I'm an engineer designing orthopedic implants (think artificial joints). We use cadavers all the time to test prototypes, validate designs, and train surgeons. I've worked on three cadavers in the last two weeks and have several more scheduled for the rest of the month.
posted by spikeleemajortomdickandharryconnickjrmints at 7:33 AM on June 17, 2017 [6 favorites]

There was a Reddit thread this week from someone who trains search and rescue dogs to find missing people. The dogs are trained on real body parts, which are hard to get ahold of. And some dogs are "terrible at generalizing" so if you train them on a body part, they'll only report if they find just part of a body. If you want them to report finding a whole body, they need to be trained with an entire cadaver. Other dogs are smart enough to know that they're supposed to be looking for a human in any condition.
posted by Gortuk at 8:33 AM on June 17, 2017 [4 favorites]

A friend's dad wanted his body to be donated to science, but the medical schools nearby had their quotas of cadavers, so his body went to the University of Tennessee body farm. Apparently they keep the bones in a mausoleum / archive and friend could go visit his dad if he wanted to.
posted by momus_window at 9:48 AM on June 17, 2017

I hope it's a real thing as my mother donated her body five years ago.
posted by runcibleshaw at 11:23 AM on June 17, 2017 [1 favorite]

Oh, it's real. Our wills specify that Mr. Terrier and/or I are destined for "the slab" at the end for the learning benefit of Michigan State students. We see it as our final "yes" millage vote.

My opinion only: burial is a waste of ground and casket materials. We opted out of cremation, because where would the ashes go? We don't want to end up on a relative's mantel, only to be knocked over by a blasé cat, and sucked up into the household Dyson. Medical school donation pleases us on every psychological level.
posted by BostonTerrier at 11:37 AM on June 17, 2017 [2 favorites]

Definitely read Stiff by Mary Roach, as recommended above. It's brilliantly illuminating and very, very well written.
posted by Capri at 1:54 PM on June 17, 2017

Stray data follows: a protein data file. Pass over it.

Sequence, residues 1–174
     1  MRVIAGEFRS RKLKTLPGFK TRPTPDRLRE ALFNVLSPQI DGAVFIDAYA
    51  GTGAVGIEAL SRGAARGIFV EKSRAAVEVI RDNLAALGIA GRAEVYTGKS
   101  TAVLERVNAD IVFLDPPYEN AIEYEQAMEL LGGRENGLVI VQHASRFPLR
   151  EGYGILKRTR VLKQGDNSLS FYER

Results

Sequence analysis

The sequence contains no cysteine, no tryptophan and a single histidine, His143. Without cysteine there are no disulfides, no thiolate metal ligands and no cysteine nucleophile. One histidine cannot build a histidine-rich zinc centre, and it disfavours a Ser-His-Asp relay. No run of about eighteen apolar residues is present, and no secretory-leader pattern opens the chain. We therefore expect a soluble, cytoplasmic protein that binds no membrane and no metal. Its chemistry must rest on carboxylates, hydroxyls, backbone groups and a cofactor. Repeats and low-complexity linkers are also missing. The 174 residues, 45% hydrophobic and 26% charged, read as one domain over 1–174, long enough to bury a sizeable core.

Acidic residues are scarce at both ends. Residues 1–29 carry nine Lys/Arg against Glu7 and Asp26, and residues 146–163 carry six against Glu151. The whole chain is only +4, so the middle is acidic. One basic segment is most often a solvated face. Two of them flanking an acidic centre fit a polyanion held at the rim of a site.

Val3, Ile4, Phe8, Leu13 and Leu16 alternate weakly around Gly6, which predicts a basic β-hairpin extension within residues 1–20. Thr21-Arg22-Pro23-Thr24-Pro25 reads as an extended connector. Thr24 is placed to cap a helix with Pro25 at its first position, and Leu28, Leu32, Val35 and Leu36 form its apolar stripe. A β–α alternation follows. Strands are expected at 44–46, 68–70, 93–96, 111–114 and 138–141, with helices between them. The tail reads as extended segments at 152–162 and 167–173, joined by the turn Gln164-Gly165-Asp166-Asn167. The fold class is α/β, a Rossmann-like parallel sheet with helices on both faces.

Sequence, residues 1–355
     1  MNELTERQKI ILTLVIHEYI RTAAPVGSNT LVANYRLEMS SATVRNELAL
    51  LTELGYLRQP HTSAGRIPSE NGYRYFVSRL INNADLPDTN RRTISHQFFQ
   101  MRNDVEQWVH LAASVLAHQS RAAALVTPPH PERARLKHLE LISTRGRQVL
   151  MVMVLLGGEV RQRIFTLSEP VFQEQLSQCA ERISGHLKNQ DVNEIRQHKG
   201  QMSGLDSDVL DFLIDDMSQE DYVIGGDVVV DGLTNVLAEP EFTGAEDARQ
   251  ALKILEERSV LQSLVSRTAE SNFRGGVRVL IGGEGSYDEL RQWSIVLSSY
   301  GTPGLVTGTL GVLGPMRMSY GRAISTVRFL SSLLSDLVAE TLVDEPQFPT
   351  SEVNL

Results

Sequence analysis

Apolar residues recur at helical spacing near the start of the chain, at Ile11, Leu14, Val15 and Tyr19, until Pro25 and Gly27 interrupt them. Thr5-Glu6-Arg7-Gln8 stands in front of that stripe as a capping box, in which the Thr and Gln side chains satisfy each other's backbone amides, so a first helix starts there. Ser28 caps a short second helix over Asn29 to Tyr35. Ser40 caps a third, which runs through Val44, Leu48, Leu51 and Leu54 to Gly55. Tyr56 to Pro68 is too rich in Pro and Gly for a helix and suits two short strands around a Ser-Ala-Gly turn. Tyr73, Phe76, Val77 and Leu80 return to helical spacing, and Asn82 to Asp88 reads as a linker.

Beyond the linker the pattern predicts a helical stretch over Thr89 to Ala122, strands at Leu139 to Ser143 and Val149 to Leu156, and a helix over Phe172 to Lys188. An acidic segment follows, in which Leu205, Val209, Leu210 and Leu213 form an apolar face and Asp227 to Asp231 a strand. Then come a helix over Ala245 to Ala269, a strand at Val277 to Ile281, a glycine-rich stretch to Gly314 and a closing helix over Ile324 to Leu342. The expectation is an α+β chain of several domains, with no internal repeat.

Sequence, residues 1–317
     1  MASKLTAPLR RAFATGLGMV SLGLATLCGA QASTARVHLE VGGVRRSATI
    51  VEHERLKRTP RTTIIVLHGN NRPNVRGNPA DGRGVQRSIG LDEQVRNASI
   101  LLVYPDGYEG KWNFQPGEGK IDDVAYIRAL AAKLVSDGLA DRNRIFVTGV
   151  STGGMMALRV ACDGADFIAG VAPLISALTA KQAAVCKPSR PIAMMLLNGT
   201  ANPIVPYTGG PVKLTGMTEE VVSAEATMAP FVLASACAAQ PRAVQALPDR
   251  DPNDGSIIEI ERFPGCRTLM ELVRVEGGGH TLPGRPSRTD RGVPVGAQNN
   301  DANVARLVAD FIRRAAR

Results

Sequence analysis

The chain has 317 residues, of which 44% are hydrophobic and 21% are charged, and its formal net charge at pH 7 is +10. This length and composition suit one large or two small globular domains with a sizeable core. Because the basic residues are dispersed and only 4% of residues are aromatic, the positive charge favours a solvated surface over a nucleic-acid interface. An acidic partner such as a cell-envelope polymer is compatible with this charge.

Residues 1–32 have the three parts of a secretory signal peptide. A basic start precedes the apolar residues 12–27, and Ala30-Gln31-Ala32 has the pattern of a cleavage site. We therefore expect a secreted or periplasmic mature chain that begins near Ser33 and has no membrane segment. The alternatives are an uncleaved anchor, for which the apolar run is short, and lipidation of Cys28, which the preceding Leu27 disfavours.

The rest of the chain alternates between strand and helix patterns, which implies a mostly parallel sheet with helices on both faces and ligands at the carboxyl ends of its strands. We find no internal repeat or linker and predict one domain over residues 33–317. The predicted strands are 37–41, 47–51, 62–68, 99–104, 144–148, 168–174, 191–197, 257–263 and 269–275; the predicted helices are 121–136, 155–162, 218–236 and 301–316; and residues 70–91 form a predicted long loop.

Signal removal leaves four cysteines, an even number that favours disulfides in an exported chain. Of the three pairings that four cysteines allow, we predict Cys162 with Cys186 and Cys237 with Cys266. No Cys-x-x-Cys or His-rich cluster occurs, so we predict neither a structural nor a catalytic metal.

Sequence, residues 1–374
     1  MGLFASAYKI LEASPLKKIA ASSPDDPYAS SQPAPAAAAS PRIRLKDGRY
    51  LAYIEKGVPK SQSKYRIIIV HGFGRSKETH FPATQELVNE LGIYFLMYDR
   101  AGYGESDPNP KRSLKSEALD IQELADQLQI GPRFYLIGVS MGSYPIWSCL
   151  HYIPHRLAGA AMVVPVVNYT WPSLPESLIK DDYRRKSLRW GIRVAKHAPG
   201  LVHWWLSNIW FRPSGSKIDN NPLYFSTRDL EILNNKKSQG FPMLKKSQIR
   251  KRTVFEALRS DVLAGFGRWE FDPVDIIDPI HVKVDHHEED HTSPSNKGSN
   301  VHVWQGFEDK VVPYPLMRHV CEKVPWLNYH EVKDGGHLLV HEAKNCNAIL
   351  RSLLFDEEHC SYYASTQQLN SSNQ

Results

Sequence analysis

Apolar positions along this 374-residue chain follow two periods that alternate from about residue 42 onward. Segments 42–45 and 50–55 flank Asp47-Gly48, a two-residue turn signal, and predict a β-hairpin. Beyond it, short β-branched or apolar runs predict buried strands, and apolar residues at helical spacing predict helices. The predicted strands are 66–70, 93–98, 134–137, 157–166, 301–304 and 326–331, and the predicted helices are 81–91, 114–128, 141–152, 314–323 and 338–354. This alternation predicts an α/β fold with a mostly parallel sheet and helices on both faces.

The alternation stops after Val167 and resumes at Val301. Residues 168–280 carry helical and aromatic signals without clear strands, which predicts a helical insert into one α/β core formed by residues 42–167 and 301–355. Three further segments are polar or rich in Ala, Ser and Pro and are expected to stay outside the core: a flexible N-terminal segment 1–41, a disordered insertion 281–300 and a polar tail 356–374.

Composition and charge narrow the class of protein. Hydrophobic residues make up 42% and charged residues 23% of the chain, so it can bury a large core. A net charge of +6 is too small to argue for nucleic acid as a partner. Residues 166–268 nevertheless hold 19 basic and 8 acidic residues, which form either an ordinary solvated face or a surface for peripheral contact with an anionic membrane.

I'm planning on going to med school after I die (but not if I get an unusual communicable disease or mangled in a car, which they qualify). I think it's mostly for the purpose of medical students to study anatomy. I requested and signed a form from the local university medical sciences faculty, at the same time that I specified this in my legal will.
posted by ovvl at 5:53 PM on June 17, 2017

I am terribly jealous of the man who donated his body to science and ended up advancing the science of archaeology by being mummified by researchers who wanted to test how the Ancient Egyptians did it.

They had to figure out how to extract his brain through his nose (they had an instruction papyrus giving them all the steps to follow in order, but it was a cheat sheet to remind someone who might have forgotten the order of the steps 4000 years ago, not a training manual for beginners) and it had them stumped for awhile because there is no connection between the brain and the nose, until finally they punched a hole through the bone with a pointed bit of wire, but then the brain was solid - well, not precisely solid, it was jelly, but it still wouldn't come down through the tiny little passage they made, even when they tried to pull it down with a teensy crochet hook, it just smooshed. So they finally poked the wire back up and twiddled it around vigorously and whipped the brain to liquefy it, and then all they had to do was tilt the nice man's head sideways, like so, and pour his brain brain out into the canopic jar.

So, yes, donating your body to science is a thing, but mostly it means donating it to the education of medical students, who not only treat their cadavers with reverence, but at our local Medical School hold a memorial service for their cadavers at the end of the year. Apparently this traumatizes the students less.
posted by Jane the Brown at 8:04 PM on June 17, 2017 [3 favorites]

A couple of my favorite pro wrestlers have donated (or have made plans to donate) their brains on behalf of research into concussions and other traumatic brain injury in athletes.
posted by The demon that lives in the air at 4:04 PM on June 18, 2017